From Wichita, Kansas, USA:
My eight year old daughter was diagnosed with type 1 diabetes at 10 days old. She takes two units of Lantus at night with two to four units of Humalog throughout the day, roughly four or five shots per day, sliding scale. She also has complex congenital heart disease (she was born with seven heart defects). She has had five heart surgeries, the latest one on June 10, 2006, and six heart catheterizations. In January 2006, she was hospitalized due to low blood sugars. She was at 30 mg/dl [1.7 mmol/L] when admitted through the Emergency Room. She was inpatient for three days, released with her blood sugar of 79 mg/dl [4.4 mmol/L]. They gave her no insulin until six hours before leaving the hospital. Until then, they had her on a 10% dextrose drip and were feeding her when she asked for food. Since then, we have noticed a trend in her sugars. At least once a month her sugars go high, 350 mg/dl [19.4 mmol/L] to 599 mg/dl [33.3 mmol/L], for three days, despite the amount of insulin given. Then, she drops for three days and will run no higher than 80 mg/dl [4.4 mmol/L] while eating and with little to no insulin. What is this?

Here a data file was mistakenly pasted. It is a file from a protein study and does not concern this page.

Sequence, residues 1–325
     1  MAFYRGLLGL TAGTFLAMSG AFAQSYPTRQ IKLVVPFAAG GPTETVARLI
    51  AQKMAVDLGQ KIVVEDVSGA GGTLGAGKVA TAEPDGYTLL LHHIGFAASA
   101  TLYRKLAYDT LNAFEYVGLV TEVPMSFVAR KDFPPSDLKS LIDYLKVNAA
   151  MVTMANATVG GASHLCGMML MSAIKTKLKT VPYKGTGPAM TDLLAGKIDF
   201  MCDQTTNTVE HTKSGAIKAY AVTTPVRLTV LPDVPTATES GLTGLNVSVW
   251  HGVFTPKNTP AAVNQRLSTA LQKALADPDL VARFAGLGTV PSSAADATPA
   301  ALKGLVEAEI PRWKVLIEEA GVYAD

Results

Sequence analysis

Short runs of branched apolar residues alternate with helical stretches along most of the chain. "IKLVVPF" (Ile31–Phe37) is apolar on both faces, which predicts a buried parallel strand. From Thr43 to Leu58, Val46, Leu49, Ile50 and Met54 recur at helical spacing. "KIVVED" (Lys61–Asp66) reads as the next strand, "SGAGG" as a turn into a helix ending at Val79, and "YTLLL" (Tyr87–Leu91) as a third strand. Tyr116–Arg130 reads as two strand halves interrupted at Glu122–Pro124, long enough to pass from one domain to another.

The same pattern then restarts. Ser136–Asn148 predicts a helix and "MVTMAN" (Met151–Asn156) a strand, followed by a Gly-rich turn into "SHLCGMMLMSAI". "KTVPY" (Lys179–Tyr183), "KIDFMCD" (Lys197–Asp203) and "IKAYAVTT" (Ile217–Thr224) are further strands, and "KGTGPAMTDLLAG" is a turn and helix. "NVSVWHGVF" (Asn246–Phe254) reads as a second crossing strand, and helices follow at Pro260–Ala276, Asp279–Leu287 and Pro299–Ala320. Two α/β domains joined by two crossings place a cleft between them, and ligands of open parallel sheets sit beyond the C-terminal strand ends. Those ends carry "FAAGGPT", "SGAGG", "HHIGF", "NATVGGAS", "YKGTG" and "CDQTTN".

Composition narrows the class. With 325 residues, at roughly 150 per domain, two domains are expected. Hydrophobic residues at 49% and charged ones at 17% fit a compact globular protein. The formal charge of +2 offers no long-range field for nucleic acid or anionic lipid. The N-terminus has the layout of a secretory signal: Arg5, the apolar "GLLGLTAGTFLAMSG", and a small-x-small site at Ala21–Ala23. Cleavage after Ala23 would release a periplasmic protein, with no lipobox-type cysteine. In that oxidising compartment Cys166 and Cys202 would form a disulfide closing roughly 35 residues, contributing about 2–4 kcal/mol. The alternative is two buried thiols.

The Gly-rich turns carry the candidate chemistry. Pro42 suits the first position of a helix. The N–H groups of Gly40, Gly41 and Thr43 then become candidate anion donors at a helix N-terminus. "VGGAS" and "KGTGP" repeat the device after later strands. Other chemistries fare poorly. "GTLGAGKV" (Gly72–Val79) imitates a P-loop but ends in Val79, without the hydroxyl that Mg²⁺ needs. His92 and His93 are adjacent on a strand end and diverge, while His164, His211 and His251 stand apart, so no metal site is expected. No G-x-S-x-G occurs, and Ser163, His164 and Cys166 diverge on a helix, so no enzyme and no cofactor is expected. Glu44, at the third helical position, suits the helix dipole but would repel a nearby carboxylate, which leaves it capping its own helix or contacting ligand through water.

This sounds very odd and is impossible to diagnosis on the Internet. You should be in close contact with your diabetes team. Also, do you know if they have any done a search for the new neonatal diabetes genes involved with sulfonylurea/potassium channel receptor gene defects? (See Drug Restores Insulin Secretion for Rare Type 1 Cases.) If not, this may be very worthwhile and could dramatically change her treatment regimen and perhaps even explain such glucose variability.
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